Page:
Can anyone tell me where the phrase temper tantrum came from?

I found a couple of my usual online sources that just say "origin unknown".

  • Totally speculation on my part here (thus not an answer), but it looks Latinate, though definitely not exactly derived. "Temper" from temperare meaning something like what it does in English, to be "mild", or "moderate", and "tantrum", possibly a clever combination of tantulus "so little", and sistrum, a kind of a metal rattle.
    – jscs
    Commented May 6, 2011 at 20:48
  • I like a lot of the answers that have been given. I just feel like I'm looking for something that just isn't there. I was looking for where the word tantrum came from, its origin. But there seems to be some dispute. Commented May 9, 2011 at 12:57
  • @MikeVaughan: you mean the etymology of tantrum itself, rather than the phrase temper tantrum? there goes my work… :(
    – F'x
    Commented May 9, 2011 at 13:09
  • @F'x Actually, I was looking for both. lol. So, I upvoted your answer. Commented May 9, 2011 at 13:26
  • @Mike: I’ll continue looking later today for tantrum etymology, but I don't think it'll turn up anything new
    – F'x
    Commented May 9, 2011 at 13:27

4 Answers 4


I found the word tantrum itself in print back to 1675 in Charles Cotton's burlesque, The Scoffer Scoft. In this passage Bacchus recounts to Apollo how he was sodomized by Priapus (Greek god of fertility), who "tilt[ed] his Tantrum at [Bacchus'] Nock":


I searched "Tantrum at my Nock" and found it referenced in Farmer's and Henley's Slang and Its Analogues Past and Present, 1904, which has penis as a second definition of tantrum:

TANTRUM, subs, (colloquial). — 1. Usually in pl. =a PET (q.v.); the sullens; angry whims (GROSE).
1754. FOOTE, Knights, ii. I am glad here's a husband coming that will take you down in your TANTRUMS; you are grown too headstrong and robust for me.
2. (venery).—The penis; see PRICK. 1675. Cotton, Scoffer Scofft [Works (1770), 282]. Twixt some twelve and one o'clock, He tilts his TANTRUM at my nock.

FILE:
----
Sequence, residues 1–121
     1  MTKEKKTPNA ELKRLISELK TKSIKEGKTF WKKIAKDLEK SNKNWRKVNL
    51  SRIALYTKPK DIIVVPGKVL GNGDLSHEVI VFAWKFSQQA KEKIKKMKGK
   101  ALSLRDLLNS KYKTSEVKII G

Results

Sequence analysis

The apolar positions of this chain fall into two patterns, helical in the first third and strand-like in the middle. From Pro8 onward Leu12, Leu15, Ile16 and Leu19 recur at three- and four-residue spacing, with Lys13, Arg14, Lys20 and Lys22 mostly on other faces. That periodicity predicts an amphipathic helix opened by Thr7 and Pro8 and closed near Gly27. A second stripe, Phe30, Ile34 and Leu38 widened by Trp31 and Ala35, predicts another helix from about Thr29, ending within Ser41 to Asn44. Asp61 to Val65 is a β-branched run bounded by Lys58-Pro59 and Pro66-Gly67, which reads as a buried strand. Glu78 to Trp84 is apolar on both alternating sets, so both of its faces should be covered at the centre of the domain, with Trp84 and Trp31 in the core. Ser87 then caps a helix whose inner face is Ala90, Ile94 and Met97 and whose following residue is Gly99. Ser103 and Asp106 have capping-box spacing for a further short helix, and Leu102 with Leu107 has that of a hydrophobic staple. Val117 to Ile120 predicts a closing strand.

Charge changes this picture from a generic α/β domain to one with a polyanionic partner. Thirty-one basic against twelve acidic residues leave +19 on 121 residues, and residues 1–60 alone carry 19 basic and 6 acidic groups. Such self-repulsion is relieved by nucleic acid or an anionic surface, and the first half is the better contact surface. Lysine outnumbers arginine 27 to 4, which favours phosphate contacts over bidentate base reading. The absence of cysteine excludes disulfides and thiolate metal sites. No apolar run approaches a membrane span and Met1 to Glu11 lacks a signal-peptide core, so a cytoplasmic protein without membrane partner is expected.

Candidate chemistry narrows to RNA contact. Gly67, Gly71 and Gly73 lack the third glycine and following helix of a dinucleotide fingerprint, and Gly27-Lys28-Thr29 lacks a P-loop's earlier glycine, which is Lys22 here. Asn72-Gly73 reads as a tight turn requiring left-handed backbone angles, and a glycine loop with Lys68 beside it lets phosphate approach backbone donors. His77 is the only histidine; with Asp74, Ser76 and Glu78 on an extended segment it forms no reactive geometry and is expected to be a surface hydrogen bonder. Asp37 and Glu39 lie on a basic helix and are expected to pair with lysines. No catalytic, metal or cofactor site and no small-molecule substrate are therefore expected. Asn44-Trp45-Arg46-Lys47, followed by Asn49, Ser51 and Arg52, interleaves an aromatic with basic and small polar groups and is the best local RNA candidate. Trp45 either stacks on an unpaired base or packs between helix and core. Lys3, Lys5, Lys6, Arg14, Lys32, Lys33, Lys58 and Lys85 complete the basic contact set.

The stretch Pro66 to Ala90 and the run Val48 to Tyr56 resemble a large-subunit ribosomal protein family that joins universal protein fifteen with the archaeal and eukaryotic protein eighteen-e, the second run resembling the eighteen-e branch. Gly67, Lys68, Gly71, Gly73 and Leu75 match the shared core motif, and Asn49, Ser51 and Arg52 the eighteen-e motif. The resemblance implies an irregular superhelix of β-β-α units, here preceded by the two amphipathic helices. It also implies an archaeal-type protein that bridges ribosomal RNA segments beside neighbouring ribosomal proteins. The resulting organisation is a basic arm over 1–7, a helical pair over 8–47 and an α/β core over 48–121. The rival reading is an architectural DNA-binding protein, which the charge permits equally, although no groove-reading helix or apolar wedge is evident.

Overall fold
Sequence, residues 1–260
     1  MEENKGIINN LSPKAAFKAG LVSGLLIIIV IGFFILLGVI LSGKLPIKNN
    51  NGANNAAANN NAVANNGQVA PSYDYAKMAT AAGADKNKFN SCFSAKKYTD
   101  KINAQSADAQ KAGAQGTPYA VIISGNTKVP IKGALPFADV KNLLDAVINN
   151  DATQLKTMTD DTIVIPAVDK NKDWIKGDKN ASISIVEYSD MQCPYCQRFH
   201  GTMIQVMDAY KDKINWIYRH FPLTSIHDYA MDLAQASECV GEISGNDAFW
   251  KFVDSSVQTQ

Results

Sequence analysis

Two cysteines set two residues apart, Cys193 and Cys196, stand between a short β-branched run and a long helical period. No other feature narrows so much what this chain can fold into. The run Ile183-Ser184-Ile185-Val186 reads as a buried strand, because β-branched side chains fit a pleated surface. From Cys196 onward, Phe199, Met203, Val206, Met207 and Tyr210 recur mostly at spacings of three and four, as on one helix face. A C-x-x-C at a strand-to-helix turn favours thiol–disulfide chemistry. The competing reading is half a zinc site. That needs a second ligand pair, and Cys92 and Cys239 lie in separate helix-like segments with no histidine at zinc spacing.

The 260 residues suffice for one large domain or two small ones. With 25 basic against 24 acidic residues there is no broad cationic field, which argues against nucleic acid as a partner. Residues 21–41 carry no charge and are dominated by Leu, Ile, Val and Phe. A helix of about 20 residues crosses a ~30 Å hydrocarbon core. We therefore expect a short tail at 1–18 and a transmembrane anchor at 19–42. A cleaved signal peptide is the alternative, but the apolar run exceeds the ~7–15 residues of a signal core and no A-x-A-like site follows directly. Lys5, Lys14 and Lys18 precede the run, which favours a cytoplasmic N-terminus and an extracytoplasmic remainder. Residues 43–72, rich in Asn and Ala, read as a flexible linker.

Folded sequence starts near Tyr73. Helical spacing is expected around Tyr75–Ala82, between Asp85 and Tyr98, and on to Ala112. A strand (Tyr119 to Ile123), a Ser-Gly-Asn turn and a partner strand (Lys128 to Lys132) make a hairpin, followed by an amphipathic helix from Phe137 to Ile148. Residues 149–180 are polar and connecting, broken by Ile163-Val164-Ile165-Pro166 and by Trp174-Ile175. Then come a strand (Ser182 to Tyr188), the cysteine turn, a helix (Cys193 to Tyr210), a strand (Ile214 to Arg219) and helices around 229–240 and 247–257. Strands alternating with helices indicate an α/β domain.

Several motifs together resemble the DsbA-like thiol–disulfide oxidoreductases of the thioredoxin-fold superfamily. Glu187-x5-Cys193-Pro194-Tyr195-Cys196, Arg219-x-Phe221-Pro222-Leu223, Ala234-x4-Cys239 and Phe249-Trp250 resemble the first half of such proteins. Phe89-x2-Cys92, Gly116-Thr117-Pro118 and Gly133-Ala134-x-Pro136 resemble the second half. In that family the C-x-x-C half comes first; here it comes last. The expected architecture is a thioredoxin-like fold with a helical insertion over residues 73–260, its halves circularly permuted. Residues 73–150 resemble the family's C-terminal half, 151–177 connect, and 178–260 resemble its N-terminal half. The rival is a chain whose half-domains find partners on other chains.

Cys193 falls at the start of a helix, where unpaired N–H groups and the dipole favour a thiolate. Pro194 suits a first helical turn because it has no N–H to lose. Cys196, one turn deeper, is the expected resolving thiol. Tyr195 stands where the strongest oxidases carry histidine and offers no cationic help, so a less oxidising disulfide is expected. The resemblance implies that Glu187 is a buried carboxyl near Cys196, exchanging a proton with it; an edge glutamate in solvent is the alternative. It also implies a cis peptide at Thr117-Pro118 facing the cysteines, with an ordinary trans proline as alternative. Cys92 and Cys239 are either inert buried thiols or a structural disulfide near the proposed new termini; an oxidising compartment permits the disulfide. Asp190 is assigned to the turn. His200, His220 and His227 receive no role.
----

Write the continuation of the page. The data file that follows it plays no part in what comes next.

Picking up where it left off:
(Slang and Its Analogues also confirms nock as slang for the posterior.)

I can't find any other examples of this euphemistic use of tantrum, but the presence of Bacchus in this passage leads to other clues. From @F'x's "interesting read" link I gleaned this set of definitions of tantrum from Charles Mackay's The Gaelic Etymology of the Languages of Western Europe, 1877:

TANTRUM (Colloquial and Vulgar).

—A fit of ill-temper.

Tantrums, high airs. English cant word. —Jamieson.

Pet or passion. Madam was in her tantrums. —Grose.

Tantrums, pranks, capers; from the tarantula dance. See the account of the involuntary frenzy and motions caused by the bite of the tarantula in the Penny Cyclopaedia.— Slang Dictionary.

Gaelic.— Deann, hot, impetuous, fiery; trom, heavy; whence deann-trom, a hot and heavy [fit of] passion.

The blogger of F'x's link dismisses the tarantula connection in favor of the Gaelic lead, but when I searched "tarantula dance" I found this in a 1783 collection of essays:


and this from Freaks and Follies of Fabledom, 1852:


So, if there is this connection between Bacchus and this ecstatic spider-bite dance, it seems plausible that Cotton's use of Tantrum above could be referencing this as well and thus point to an arachnological etymology. On the other hand, pet and hot & heavy work quite well for the euphemism, too.

A note on temper tantrum: I found this phrase back to a 1920 (check) publication referring to a psychiatric case at John Hopkins University from 1918 in Mental Hygiene vol. IV:


Interestingly, I found the words comma-separated as the fifth definition of flink in The English Dialect Dictionary from two decades earlier in 1900:

A bad temper, tantrum; also in pl.

I think this adjacent use of the words in a such an authoritative work could have easily resulted in the coining of the phrase.


The earliest use found in the Corpus of Historical American English is in The Process of Human Behavior (1929), which according to Google ngram is clearly when it started to see widespread usage:


Most hits of this early period (1900–1930) are scientific or academic writings on human psychology, and the excerpts make it clear that the expression is most commonly applied to children or psychotics.

The uses earlier than 1920 appear sporadic. As temper (late 14th century) and tantrum (early 18th) both widely antedate the phrase itself, I must conclude that it is a construction that was used by some people here and there, until it was used to describe a particular child behaviour (around 1920). It was first used scientifically and became more popular as psychology itself was vulgarized/became fashionable.

On a side note, the etymology of tantrum itself is not settled (as you noted). I found an interesting read here, though it doesn't provide enough hard data to conclude.


While tantrum is of unknown origin, "temper tantrum" dates from 1925-1930.

The phrase feels very natural because of its alliteration. Vis: "tempest in a teapot."


Apparently, in Vedic circles, there was a very taxing and energetic dance called the Trantra. People who practice trantra were called Tantrics and the word tantrum may have possibly been derived.

Very naturally, it got coupled together with the word that causes tantrums.

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